Resources consulted

Beta agonist side effects, which are often dose-related, include 

  1. Tachycardia 
  2. Palpitations 
  3. Premature ventricular contractions 
  4. Tremors 
  5. Sleep disturbances 
  6. Decreased potassium levels (hypokalemia)

Anticholinergic side effects include 

  1. Xerostomia
  2. Metallic taste after inhalation 

Theophylline (oral) side effects include

  1. Serious
    1. Cardiac dysrhythmia 
    2. Convulsions 
  2. Mild
    1. Headache
    2. Nausea
    3. Vomiting
    4. Diarrhea
    5. Heartburn


  1. With chronic obstructive pulmonary disease, pneumonia risk is on some evidence increased by inhaled corticosteroids at the highest doses, possibly because of immune system suppression.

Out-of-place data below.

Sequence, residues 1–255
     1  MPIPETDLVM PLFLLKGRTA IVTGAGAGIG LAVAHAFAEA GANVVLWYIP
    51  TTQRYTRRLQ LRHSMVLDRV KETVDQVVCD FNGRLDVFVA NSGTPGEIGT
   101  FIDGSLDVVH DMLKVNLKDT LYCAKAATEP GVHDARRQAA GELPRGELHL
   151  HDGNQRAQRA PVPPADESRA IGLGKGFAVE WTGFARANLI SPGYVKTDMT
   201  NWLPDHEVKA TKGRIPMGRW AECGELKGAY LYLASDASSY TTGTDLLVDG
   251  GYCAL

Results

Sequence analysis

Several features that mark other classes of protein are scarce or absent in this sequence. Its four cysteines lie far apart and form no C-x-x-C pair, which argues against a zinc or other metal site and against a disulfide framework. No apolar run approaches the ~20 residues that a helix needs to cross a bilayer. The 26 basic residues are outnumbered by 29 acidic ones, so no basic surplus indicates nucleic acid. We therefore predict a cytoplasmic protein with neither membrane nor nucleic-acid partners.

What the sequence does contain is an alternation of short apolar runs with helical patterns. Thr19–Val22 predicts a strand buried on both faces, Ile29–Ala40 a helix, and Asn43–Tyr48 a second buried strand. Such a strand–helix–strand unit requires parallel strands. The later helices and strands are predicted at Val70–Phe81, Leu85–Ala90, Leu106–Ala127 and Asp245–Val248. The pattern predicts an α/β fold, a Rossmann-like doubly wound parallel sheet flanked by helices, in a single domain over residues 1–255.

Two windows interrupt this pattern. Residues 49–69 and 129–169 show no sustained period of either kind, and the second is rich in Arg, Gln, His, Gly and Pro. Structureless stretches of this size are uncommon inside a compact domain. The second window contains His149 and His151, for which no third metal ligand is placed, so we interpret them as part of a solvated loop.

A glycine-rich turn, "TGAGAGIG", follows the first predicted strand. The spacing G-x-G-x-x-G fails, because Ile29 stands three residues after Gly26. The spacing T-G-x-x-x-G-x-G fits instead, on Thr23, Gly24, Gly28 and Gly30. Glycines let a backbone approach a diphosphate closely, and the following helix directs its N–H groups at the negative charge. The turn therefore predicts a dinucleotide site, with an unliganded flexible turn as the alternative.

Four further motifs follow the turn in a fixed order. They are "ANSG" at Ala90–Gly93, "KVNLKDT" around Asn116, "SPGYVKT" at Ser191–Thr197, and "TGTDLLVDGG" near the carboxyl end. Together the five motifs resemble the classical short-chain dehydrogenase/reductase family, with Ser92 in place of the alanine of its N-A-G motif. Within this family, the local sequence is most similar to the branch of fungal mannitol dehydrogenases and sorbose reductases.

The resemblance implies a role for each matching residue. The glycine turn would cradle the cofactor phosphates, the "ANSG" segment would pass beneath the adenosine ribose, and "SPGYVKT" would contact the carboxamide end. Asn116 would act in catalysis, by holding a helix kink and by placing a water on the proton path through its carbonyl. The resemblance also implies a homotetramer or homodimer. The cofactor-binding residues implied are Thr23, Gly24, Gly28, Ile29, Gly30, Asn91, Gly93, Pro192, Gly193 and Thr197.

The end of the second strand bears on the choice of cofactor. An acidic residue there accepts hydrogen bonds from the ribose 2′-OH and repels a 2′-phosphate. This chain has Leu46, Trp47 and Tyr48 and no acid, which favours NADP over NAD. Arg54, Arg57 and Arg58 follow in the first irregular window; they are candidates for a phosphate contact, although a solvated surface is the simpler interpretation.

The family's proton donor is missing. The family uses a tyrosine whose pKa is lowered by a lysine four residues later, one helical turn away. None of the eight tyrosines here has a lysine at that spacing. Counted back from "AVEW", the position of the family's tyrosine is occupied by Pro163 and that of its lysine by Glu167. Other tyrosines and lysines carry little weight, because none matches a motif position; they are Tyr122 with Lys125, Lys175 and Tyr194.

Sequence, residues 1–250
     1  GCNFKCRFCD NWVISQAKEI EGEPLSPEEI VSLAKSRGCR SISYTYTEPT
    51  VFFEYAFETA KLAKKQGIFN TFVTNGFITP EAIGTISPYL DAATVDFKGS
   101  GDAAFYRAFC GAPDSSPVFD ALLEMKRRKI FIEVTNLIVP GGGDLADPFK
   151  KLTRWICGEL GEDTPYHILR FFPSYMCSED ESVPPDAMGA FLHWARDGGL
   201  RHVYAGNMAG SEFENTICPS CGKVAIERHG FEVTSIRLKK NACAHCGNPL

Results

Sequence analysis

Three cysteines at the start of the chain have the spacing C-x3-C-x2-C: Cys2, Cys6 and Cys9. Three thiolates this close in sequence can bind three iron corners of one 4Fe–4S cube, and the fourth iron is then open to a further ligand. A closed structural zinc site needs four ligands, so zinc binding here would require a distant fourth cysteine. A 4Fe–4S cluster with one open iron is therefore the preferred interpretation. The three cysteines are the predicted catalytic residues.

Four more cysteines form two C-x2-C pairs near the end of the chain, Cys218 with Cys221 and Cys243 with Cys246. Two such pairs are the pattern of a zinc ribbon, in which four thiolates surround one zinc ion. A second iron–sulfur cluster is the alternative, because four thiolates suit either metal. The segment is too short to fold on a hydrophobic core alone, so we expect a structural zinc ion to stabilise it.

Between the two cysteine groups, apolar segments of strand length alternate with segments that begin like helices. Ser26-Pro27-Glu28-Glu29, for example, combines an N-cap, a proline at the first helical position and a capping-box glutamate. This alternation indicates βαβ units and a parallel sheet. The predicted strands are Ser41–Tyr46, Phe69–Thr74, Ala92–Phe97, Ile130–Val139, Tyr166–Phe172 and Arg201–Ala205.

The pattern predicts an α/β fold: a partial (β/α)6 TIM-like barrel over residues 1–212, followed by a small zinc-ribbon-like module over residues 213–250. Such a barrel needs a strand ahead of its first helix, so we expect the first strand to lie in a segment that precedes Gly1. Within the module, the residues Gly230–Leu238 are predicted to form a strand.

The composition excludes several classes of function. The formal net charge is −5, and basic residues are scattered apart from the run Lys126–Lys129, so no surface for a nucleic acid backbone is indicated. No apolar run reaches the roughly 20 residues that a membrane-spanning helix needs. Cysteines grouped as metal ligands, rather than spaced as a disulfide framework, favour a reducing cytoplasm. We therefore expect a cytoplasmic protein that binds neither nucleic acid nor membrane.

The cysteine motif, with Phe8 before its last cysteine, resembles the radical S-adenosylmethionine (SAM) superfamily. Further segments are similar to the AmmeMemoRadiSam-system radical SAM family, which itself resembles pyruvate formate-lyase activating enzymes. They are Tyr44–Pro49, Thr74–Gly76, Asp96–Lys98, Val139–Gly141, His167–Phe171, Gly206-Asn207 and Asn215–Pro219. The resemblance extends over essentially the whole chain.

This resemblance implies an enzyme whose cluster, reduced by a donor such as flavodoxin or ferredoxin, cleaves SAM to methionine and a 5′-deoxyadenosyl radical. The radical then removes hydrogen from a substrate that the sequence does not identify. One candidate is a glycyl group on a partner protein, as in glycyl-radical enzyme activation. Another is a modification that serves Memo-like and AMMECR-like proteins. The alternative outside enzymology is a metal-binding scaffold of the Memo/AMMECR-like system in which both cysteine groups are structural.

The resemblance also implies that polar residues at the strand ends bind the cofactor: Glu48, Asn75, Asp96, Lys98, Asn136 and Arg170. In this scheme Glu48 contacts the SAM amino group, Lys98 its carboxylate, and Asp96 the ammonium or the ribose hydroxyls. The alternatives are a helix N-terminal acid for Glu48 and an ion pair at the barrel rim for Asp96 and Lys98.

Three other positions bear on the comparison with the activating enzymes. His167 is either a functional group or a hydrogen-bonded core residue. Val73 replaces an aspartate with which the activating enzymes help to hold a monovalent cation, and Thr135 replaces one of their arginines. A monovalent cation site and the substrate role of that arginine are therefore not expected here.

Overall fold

2. Oral thrush (Candida albicans) is a common side effect of inhaled corticosteroids. It is minimized by use of a spacer attached to the inhaler to prevent the medication from depositing in the mouth or on the back of the throat.
  3. For older adults side effects from inhaled corticosteroids, especially at high doses may include osteoporosis and osteonecrosis (CDHO Advisory) with possible oral health implications, and cataracts.


The medical  and medications history-taking should 

  1. Focus on screening the patient/client prior to treatment decision relative to
    1. key symptoms
    2. medications considerations
    3. contraindications
    4. complications
    5. comorbidities.
  2. Explore the need for advice from the appropriate primary or specialized care provider(s).
  3. If the patient/client has a history of chronic obstructive pulmonary disease with or without complications, inquire about